16 11 11

More controversy surrounds Spotify and streaming payouts

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Spotify has reacted angrily to an article on industry site Digital Music News with the headline ‘Study: Spotify is Detrimental to Music Purchasing‘. The story was based on the recent report from NARM and NPD Group on digital music, and embeds a couple of slides focused on whether access to music makes people less likely to buy it.

“Along with NARM, we’re confused by the way this research has been interpreted, since Spotify was not referenced anywhere in the research questionnaire and had only been live in the US for a matter of days when the study was carried out. The deck also makes absolutely no reference to Spotify and certainly does not draw any conclusions about Spotify, such as those made in the article,” a spokesperson tells Music Ally, citing data from Europe where in 2010, markets with Spotify saw an average digital growth rate of 43%, compared to 9.3% for Spotify-less markets.

However, back in Europe not every artist is on message. Drum’n’bass act Blu Mar Ten‘s distributor is pulling music from all streaming services due to revenue being “negligible and these services cannibalise revenue from the likes of iTunes”.

The statement claims that Q3 was its first full quarter supplying content to the streaming services, and that 1.) its iTunes revenue fell by 24%, 2.) streaming accounted for 82% of tracks consumed but only 2.6% of revenue, and 3.) that Spotify specifically paid £2,500 for 750,000 streams during the quarter.

Music Ally
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3 responses
  • Blu Mar Ten says:

    I’d just like to clarify that the comments “revenue being “negligible and these services cannibalise revenue from the likes of iTunes” were made by the distributor (ST Holdings) and not us.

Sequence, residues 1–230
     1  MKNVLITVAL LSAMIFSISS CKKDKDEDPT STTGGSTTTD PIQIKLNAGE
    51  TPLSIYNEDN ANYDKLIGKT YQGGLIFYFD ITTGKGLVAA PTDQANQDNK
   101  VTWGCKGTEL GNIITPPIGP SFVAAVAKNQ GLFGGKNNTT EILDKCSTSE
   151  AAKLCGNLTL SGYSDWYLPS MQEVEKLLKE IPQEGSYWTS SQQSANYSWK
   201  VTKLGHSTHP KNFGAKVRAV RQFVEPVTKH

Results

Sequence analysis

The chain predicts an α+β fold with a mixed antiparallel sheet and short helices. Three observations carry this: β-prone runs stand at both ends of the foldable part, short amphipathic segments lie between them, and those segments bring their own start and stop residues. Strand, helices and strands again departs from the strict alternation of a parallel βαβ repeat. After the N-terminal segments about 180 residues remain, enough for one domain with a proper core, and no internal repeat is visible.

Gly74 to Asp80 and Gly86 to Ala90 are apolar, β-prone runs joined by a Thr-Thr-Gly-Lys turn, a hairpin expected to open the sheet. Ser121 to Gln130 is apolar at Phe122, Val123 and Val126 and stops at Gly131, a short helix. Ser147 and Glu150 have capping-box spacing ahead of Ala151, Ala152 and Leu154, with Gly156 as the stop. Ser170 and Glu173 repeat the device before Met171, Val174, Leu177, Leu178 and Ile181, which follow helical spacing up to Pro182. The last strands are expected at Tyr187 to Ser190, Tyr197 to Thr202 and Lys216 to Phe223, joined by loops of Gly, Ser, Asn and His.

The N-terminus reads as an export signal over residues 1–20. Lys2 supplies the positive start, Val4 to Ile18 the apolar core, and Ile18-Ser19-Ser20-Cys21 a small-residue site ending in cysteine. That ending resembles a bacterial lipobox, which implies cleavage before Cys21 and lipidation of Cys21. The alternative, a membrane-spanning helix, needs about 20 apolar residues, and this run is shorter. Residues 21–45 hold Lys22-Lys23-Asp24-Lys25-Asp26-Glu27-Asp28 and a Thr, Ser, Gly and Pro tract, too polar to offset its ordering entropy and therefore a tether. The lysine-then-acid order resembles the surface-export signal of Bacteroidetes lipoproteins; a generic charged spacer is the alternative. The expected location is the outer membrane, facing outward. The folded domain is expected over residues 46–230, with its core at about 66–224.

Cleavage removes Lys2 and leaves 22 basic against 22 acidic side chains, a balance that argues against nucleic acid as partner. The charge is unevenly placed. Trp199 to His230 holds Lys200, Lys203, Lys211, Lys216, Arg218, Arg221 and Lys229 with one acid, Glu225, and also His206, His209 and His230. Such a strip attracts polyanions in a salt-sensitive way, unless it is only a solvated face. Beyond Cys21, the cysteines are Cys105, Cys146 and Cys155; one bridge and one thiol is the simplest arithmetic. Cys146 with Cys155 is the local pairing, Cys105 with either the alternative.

A number of the 238 labels from ST Holding’s roster have posted & tweeted the news, we just happened to be the ones who got picked up on. Not really sure why our name’s plastered all over these articles to be honest. We’re one of STH’s smaller acts!

    You can read the statement from ST Holdings here: http://www.stholdings.co.uk/2011/11/16/removal-of-content-from-spotify-simfy-rdio-napster/

  • Joel Kalsi says:

    It’s good to have your name there, “all publicity is good publicity” and I don’t think this publicity even is bad. I feel the same way about Spotify and the likes. People don’t neccessarily, or rather I’d say most likely ever, listen to every single track 250 times from Spotify to make the owners have their 0,99 euro share which would come from selling a single track for a single listener. Spotify clamps the value of music, and I don’t mean the monetary value, but the real value of the music itself.

  • Andrew says:

    Joel, your analysis “People don’t neccessarily, or rather I’d say most likely ever, listen to every single track 250 times from Spotify to make the owners have their 0,99 euro share which would come from selling a single track for a single listener” misses the point that many people might listen to a track several times that would never have bought it. I know I certainly do! In fact, according to my last.fm stats, two of my top 5 most listened to tracks are ones I never would have discovered, and therefore never would have bought without Spotify and Last.fm.

    Also missing from this point is that there are artists whose CDs I have bought, that I also listen to on Spotify, so not only have they had royalties from their original sale to me, they have also had royalties (however minor) through Spotify.Admittedly, I barely buy music anymore, I simply can’t afford it, and when I do it’s inevitably second hand sales, which does not benefit the artist anyway!

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